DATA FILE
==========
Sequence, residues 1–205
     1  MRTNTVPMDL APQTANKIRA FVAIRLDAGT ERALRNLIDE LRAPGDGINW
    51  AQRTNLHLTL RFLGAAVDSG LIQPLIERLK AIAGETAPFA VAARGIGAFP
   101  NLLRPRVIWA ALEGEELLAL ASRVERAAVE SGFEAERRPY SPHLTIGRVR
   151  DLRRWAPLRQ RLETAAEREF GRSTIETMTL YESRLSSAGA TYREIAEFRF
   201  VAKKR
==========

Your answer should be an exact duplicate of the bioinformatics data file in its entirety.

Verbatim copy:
Sequence, residues 1–205
     1  MRTNTVPMDL APQTANKIRA FVAIRLDAGT ERALRNLIDE LRAPGDGINW
    51  AQRTNLHLTL RFLGAAVDSG LIQPLIERLK AIAGETAPFA VAARGIGAFP
   101  NLLRPRVIWA ALEGEELLAL ASRVERAAVE SGFEAERRPY SPHLTIGRVR
   151  DLRRWAPLRQ RLETAAEREF GRSTIETMTL YESRLSSAGA TYREIAEFRF
   201  VAKKR